These opportunities not only include employment but training in the art of BSF production as well as allowing them to play a role in our efforts to network with individuals in less developed nations and help them develop their own BSF production. Through such efforts- everyone is successful. With this said, EVO has hired Mr. Sterling Classen-Reid.
Sterling served in the United States Marine Corps as an Infantryman from 2010 - 2014 and completed his service as a Lance Corporal. He is currently pursuing a degree in Rangeland Ecology and Management at Texas A&M University.
Sterling was born in Fort Worth, TX and has lived in Ohio, Florida, Idaho, California, and back to Texas. He enjoys working with computers; his dog, aka best friend, Diablo. Sterling loves playing paintball; he is a prolific writer; he is an amazing photographer; and, he is going to Africa on a work-study scholarship for the second summer in a row; he has been published in the newspaper and interviewed on TV for advocating for traffic safety.
Welcome aboard, Sterling! The EVO team looks forward to partnering with you on a common mission to protect the environment, create jobs, and provide protein for sustainable agriculture use.
A Developing Transcontinental Partnership to Promote Insects for Food, Feed and Health in Sub-Saharan Africa: The Global Alliance for Insect Farming in Africa
In recent years, amazing progress has been made advocating insects as new sources of protein to mediate the global food shortage and improve diet nutrition. Much of this progress is directed toward creating new economies in industrial nations in efforts assess the potential for adding value in food production chains using insects, and creating optimized methods for wide-spread acceptance and use. Progress is also needed on a global scale, especially in the developing world where malnutrition affects much of the local populations. The black soldier fly (BSF) system offers a remarkable opportunity as a reliable, sustainable protein source that is the result of organic matter recycling and conversion.
There is a need for insect production systems development in communities of developing nations, from villages to large urban centers, most impacted by food insecurity in Sub-Saharan Africa. The BSF system can create new revenue streams that meet the demands of the local and regional economies, from small villages of less than 100 people to larger cities with large produce markets. Farming BSF for feed in developing nations will require developing partnerships that bring together experts in entomology, food nutrition, food production and human health.
To begin to address this need in Malawi, we have developed a transcontinental partnership between Michigan State University (MSU) and two Universities in Malawi, Africa: Lilongwe University of Agriculture and Natural Resources (LUANAR),and the College of Medicine at the University of Malawi.The tentative name for our partnership is the Global Alliance for Insect Farming in Africa(GAIFA). A key goal of this alliance, initially funded by the MSU Alliance for African Partnership initiative, is tobring together experts, professionals, local stakeholders, and organizations from Africa and MSU to work toward a common goal of achieving farming insects for feed. We envision that developing a network of partnerships between researchers and local members of the community will improve sustainable food security in Malawias an initial example, but also in many other Sub-Saharan countries with critical nutritional needs.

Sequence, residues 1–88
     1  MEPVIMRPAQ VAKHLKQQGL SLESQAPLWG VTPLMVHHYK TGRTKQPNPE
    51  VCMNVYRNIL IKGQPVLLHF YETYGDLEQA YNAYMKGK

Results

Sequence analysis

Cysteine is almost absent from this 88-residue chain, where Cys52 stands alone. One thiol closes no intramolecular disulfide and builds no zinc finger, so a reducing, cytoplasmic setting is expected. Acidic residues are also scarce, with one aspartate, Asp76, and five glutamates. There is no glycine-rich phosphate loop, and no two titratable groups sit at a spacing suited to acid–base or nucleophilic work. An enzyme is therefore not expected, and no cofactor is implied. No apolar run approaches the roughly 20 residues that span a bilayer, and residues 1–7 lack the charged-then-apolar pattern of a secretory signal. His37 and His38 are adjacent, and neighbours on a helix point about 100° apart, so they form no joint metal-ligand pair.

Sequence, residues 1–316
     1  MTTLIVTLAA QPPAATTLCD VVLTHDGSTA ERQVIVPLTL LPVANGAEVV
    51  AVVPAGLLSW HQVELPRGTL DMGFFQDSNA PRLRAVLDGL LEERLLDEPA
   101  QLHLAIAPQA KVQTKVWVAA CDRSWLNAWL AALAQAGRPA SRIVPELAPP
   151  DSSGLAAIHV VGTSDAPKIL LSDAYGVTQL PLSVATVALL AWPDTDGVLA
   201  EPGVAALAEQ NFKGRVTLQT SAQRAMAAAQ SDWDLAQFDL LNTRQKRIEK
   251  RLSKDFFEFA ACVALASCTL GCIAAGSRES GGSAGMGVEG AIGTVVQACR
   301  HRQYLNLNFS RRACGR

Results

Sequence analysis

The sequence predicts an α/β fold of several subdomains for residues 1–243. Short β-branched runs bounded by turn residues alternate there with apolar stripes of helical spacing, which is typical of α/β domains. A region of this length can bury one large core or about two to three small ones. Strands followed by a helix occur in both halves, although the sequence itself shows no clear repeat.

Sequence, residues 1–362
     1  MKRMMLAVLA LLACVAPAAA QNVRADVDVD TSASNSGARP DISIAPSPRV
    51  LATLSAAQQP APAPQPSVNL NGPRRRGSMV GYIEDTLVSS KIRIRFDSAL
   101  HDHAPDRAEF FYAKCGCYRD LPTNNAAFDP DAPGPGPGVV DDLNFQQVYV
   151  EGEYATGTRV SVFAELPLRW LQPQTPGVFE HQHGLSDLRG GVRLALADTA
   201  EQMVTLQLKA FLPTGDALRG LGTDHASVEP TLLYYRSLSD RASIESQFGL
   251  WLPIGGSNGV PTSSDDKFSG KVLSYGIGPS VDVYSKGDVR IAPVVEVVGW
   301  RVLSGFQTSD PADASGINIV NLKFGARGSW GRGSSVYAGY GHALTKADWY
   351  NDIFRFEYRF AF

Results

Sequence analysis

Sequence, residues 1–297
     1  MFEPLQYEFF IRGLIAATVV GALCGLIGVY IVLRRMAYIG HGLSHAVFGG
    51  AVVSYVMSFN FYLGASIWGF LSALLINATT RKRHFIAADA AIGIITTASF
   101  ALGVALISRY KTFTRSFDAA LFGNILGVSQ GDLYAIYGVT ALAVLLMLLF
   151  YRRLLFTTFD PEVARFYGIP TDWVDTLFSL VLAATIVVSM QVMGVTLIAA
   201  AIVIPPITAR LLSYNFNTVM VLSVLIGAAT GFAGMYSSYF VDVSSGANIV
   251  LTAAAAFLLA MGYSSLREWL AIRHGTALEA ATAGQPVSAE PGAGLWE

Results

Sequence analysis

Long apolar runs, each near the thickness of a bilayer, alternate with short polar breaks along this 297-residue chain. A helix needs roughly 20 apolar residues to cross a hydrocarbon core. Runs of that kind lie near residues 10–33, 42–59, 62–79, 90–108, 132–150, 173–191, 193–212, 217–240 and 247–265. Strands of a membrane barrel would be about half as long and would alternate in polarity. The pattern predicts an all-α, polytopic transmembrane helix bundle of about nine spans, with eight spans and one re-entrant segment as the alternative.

The objectives of our partnership are to: 1) identify local stakeholders that would potentially implement the use of insects as a novel feedstock for livestock, such as aquaculture and poultry; and 2) identify insect species and their food sources, such as market waste, to be targeted in future research. These data collection efforts will then be used for funding applications in which the end goal would be to optimize insects and their associated microbiomes to improve nutrition in a manner that will benefit local communities. Thus, the resulting research will improve African livelihoods by increasing the amount of available protein for consumption through improved livestock, and will enhance livelihood security of individuals through community-level actions, creating new revenue streams and enabling women and children in the process.
By accomplishing these goals, our partnership intends to develop the important capacity to enable local individuals to create new revenue streams that directly improve the local nutritional needs of villages, hamlets and sub-urban populations. Indeed, by converting local waste into new sources of animal feed, the BSF system (and other insect systems) has the potential to create new revenue opportunities, especially for women and children that could have village to regional level impact towards improving human health and development. Our partnership is continuously evolving and we look forward to meeting and interacting with new collaborators (like EVO Conversion Systems) at the individual, group and institutional levels. Please contact any of us at or respective email addresses if you have interest in joining us in developing insects for food, feed and health in Africa.
Dr. M. Eric Benbow
Individuals with over 25 years research experience with the black soldier fly. We are passionate about the science behind the black soldier fly and its ability to convert waste to protein.